One last step – Make Tableau think this dataset is in Web Mercator coordinates.  Open the properties for your edited file (right click on the name -> properties) and where it says that the Coordinate reference system is EPSG:4326, WGS84 (this is the default QGIS uses when it doesn’t know the real coordinate system)…go ahead and click on the Select CRS button and change the projection listed to WGS84 / Pseudo Mercator (EPSG: 3857).

change_crs_final.png

 

Now right click on the name of the dataset and Save As… give the file a new name, make sure that it is using the EPSG:3857 Web Mercator (or Pseudo Mercator) projection. 

 

Add your new dataset to Tableau, set the washout on the base map to 100%, and enjoy!  To add in attributes, just join them in Tableau using the FIPS code (COUNTYFP is the county-level codes in this dataset...note that these are STRINGS and have a leading 0 so that all state codes are two digits)

map_inTableau.png

Sometimes people send me questions about how to work with custom map projections in Tableau.  For instance, Alan Eldridge asked me about working with polar ice data. Or, sometimes I get questions about making a US map with Alaska and Hawaii in a little inset in the corner of your map – without needing to use three worksheets, or how to make a map of Canada that is in the Lambert Conformal Conic projection (the most common projection used at Statistics Canada) instead of Web Mercator... It turns out that all of these things are possible in Tableau:

polarIce.pngus_ak_hi.pngCanada.png

 

Since working with map projections is a pretty big topic, and something that I like quite a bit, I’ve written up a few blog posts on it.  I’ve broken them into two parts: map projection basics and data manipulation for Tableau.  The two parts should stand alone, so if you want more background about what is going on under the hood, you can start here with Part I (map projection basics), and if you don’t care about the basic mappy science that goes behind the fun tricks, you can just jump to Part II (data manipulation)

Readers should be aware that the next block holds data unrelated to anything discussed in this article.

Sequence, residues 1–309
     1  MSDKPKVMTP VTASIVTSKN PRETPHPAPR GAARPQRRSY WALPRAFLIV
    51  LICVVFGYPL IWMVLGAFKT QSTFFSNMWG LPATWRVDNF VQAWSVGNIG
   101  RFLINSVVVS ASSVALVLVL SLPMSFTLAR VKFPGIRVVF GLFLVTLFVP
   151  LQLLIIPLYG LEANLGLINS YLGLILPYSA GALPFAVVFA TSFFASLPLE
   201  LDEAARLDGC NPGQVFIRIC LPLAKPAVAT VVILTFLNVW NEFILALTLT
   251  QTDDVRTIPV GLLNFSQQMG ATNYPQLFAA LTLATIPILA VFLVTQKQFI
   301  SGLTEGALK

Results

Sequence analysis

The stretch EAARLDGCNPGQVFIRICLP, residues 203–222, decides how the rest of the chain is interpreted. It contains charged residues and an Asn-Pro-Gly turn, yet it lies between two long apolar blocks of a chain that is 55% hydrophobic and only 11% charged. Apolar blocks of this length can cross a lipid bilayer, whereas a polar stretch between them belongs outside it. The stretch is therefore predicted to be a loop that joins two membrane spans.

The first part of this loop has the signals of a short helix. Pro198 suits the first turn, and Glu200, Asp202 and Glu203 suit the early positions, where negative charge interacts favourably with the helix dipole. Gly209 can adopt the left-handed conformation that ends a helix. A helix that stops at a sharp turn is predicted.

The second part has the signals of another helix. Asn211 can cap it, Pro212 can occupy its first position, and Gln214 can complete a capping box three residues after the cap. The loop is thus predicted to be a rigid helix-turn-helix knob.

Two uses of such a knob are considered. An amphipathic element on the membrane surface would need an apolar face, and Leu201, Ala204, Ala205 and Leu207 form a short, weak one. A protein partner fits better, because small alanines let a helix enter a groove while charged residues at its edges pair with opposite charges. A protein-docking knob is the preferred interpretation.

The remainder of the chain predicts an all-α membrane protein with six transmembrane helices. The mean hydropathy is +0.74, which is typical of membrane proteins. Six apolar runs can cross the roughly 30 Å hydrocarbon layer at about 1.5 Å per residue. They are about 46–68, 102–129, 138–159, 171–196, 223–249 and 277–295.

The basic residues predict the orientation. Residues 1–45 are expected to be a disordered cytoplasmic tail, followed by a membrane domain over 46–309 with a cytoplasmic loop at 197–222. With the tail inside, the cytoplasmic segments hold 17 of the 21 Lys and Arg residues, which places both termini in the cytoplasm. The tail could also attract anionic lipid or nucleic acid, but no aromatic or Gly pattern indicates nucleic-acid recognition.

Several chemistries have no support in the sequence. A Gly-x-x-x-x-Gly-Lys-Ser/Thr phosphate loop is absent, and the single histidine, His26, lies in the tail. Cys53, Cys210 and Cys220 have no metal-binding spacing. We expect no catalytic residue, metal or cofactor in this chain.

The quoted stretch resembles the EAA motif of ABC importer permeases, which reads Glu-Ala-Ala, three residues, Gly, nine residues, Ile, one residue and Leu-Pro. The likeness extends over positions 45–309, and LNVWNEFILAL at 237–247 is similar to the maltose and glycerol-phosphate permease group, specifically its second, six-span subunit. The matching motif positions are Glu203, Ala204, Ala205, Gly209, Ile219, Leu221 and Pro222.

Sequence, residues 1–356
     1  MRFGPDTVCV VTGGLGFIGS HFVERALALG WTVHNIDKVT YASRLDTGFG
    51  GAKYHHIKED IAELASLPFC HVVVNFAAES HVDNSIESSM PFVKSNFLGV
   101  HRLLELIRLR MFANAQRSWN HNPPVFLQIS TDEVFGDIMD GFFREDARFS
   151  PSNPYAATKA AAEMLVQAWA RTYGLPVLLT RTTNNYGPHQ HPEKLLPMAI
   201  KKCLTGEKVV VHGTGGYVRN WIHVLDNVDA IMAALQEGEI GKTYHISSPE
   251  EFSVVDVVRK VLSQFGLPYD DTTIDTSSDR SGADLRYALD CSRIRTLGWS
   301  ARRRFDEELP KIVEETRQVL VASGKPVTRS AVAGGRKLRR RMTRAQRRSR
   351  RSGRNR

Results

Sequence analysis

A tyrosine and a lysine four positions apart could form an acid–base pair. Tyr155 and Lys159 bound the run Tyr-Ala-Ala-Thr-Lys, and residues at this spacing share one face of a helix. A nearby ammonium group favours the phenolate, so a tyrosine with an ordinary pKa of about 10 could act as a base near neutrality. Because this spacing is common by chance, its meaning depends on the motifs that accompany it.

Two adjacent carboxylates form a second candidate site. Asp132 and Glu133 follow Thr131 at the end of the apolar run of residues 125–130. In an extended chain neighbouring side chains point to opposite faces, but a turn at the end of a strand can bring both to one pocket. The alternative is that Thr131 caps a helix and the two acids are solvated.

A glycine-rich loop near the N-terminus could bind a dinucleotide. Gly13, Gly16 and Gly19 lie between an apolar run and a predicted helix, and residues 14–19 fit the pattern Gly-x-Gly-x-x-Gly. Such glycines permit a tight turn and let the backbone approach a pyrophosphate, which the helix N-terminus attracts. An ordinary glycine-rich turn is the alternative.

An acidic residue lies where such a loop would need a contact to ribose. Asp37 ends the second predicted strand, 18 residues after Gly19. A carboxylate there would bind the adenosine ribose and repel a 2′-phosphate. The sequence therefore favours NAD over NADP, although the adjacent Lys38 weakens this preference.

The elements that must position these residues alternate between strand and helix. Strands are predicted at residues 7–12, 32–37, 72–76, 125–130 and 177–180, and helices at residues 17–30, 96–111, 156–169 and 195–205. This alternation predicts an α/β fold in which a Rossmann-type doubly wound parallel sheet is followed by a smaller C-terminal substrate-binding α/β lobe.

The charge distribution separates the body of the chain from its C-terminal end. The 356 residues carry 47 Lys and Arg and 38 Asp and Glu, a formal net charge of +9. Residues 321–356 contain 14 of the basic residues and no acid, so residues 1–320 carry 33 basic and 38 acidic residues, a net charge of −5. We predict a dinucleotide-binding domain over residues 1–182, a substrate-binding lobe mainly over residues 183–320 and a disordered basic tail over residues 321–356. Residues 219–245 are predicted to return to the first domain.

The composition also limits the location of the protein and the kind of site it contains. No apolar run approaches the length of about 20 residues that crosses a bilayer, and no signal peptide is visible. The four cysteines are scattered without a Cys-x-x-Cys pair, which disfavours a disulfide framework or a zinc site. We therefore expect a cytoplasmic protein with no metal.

Since we have a lot to cover, let’s get rolling and go through enough projection basics (in general) for you to be dangerous be creative with map projections in your visualizations.

While I’ll give a brief overview of what happens in the projection process, I’m going to focus on a small set of topics important to working with alternate map projections in Tableau.  For more in-depth discussion of projections, I recommend:

 

What is a map projection?

Map projection is the process of transforming angular (e.g., latitude and longitude) coordinates into planar coordinates.   The projection is just a mathematical definition of how we go from the angles (spherical or geographic coordinate system) into a planar, projected coordinate system (the good ol’ Cartesian coordinates that you might remember from elementary school).

lat_lon.pngplateCarre.png

 

 

The fun maddening part of map projections is that whenever we do this transformation from 3-dimensional angular coordinates to 2-dimensional planar coordinates we introduce distortion in the form of one or more of the following: shapes, areas, angles, and distances…and just to make things more fun with distortion, know that it’s impossible to preserve both areas and angles on the same flat map!